Group recommends pouring some into your own tub to make it feel like you’re taking a bath together with the idols.

One of the key differences between idol singer groups and more mainstream J-pop acts is how much of idols’ revenue comes from non-music sources. Sure, idols sell albums and concert tickets just like other musicians, but a huge chunk of their earnings comes from assorted merchandise like posters, photographs, and pins.

But four-member idol unit The Banana Monkeys is looking to go beyond such tried-and-true merch by selling its idols’ leftover bathwater.

Late last month, the group posted a video of two of its members, Tenka no Chanyuki and Asuka Rei, hanging out in a tub, soaking in water colored a vibrant purple from the bath powder that had been added. However, the Banana Monkeys official Twitter account claims the bath powder was particularly expensive, and so they’re hoping to recover the cost by selling the leftover bathwater, which they scooped out of the tub afterwards and bottled.

▼ Clips from the video

“It’s water that idols soaked in, so it’s definitely clean,” boasts the announcement, taking the opposite approach from the Japanese takeout chain that previously offered idol sweat-flavored fried chicken. “You can drink it,” the announcement goes on to say, though we’re not sure how safe that would be, before offering the healthier (at least physically) alternative of “or add a little to your own tub and feel like you’re taking a bath together with the idols.”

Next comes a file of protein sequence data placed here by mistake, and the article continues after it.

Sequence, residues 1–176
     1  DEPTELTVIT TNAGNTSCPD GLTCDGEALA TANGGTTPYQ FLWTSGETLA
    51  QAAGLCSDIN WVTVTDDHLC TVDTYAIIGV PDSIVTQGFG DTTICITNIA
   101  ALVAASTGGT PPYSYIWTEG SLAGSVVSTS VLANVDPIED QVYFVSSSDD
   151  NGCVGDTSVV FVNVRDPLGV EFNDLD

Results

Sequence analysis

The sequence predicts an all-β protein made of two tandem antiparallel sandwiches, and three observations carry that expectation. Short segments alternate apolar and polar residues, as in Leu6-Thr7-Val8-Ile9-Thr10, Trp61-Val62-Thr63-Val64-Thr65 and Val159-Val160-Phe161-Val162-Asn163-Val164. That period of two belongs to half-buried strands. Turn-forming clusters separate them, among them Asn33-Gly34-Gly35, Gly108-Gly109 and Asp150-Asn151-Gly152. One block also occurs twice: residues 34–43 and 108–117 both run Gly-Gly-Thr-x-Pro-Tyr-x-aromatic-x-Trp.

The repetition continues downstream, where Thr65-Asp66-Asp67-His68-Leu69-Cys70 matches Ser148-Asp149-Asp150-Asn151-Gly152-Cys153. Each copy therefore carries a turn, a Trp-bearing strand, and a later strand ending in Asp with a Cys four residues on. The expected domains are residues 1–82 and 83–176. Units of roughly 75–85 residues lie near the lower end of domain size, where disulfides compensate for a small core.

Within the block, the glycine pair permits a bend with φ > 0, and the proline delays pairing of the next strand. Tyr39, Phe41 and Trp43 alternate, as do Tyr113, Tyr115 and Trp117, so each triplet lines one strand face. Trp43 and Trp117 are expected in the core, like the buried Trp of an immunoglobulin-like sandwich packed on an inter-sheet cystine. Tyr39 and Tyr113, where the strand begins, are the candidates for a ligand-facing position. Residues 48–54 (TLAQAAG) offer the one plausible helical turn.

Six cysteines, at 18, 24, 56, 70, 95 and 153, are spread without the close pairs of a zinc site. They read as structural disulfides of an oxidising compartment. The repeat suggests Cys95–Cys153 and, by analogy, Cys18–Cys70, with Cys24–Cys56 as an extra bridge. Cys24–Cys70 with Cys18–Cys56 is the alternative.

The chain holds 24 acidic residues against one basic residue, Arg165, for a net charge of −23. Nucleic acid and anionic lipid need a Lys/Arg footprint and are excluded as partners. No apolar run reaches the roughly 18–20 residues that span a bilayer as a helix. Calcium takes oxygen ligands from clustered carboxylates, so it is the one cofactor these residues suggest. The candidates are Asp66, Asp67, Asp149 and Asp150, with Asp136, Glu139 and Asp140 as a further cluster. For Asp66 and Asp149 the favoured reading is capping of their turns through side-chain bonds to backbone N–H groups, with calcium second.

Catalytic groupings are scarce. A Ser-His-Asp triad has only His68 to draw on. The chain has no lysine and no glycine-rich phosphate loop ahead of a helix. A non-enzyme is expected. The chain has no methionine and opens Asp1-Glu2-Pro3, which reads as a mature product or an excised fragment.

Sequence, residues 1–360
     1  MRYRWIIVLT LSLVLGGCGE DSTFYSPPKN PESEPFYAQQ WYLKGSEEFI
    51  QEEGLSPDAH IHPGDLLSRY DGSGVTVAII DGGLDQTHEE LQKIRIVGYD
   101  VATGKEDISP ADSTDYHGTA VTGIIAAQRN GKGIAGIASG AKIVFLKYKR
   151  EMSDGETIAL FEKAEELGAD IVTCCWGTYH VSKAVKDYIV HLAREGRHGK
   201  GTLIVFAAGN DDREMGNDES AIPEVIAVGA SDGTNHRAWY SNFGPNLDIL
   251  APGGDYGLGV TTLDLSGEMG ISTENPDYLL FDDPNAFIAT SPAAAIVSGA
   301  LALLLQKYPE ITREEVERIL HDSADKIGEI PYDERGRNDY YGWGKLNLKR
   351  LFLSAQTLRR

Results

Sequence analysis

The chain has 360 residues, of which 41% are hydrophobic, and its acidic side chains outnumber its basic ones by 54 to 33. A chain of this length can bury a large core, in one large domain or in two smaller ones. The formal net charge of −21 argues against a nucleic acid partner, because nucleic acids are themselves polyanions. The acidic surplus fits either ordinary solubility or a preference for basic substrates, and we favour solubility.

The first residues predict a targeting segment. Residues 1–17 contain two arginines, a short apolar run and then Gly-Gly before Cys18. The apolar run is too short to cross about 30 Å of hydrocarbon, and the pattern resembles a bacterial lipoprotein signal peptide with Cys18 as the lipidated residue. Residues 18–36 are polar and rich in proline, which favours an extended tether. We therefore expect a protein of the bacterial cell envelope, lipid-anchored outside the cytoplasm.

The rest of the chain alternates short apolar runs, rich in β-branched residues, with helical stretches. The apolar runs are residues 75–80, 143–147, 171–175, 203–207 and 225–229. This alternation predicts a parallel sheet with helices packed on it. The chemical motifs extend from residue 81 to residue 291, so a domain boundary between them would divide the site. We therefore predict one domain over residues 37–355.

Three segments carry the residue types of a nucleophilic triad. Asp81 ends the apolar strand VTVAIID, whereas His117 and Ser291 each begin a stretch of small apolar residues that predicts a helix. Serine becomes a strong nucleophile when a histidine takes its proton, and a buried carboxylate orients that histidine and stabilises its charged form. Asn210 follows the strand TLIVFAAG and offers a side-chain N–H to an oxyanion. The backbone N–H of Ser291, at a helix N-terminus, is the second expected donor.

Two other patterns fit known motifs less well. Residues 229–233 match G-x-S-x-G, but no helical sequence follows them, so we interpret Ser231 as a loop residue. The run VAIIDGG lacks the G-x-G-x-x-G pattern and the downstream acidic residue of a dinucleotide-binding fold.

▼ Although the fact that both Tenka no Chanyuki and Asuka Rei were fully clothed arguably would make it more like doing laundry with them.

Following the announcement, the group’s account proudly tweeted that the leftover idol bathwater was now on sale through secondhand online marketplace Mercari, priced at 100,000 yen (US$900) for a bottle, a price that we’re not sure is exorbitant or not, considering there’s no competing brand of used idol bathwater to compare it to.

▼ The Banana Monkeys’ “Ima wo Ikiro” (“Live for Now”)

However, while that tweet contained a link to the product’s page on Mercari, the listing has since been deleted. It’s unclear if the group, after further consideration, decided not to sell the bathwater, or if it perhaps sold all of the liquid it had available. If it’s the latter, no one has come forward claiming to be one of the buyers, though perhaps that’s because being the owner of a bottle of used idol bathwater isn’t the sort of thing most people would want to tell the world about.

Source: Twitter/@info_banamon via Jin